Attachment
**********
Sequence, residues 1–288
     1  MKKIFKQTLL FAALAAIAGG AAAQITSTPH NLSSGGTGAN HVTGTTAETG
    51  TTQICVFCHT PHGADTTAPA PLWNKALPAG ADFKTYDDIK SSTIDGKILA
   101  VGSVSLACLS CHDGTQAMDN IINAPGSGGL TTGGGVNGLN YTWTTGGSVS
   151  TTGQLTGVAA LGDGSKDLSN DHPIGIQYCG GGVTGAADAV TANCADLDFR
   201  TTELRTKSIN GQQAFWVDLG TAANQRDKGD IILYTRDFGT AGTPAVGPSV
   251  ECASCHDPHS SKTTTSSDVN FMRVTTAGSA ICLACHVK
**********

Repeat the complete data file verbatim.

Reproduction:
Sequence, residues 1–288
     1  MKKIFKQTLL FAALAAIAGG AAAQITSTPH NLSSGGTGAN HVTGTTAETG
    51  TTQICVFCHT PHGADTTAPA PLWNKALPAG ADFKTYDDIK SSTIDGKILA
   101  VGSVSLACLS CHDGTQAMDN IINAPGSGGL TTGGGVNGLN YTWTTGGSVS
   151  TTGQLTGVAA LGDGSKDLSN DHPIGIQYCG GGVTGAADAV TANCADLDFR
   201  TTELRTKSIN GQQAFWVDLG TAANQRDKGD IILYTRDFGT AGTPAVGPSV
   251  ECASCHDPHS SKTTTSSDVN FMRVTTAGSA ICLACHVK